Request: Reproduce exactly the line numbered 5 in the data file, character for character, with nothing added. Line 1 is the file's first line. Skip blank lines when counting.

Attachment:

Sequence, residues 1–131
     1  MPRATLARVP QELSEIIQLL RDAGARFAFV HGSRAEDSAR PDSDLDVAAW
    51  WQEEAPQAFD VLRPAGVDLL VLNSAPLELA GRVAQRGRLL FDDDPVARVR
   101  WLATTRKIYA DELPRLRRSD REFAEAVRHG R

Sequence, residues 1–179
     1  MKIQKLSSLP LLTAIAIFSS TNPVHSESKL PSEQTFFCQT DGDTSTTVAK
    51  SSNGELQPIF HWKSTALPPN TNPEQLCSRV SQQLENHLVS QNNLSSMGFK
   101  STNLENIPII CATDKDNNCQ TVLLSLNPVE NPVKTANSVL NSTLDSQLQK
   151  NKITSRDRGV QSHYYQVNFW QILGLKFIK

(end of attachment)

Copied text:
Sequence, residues 1–179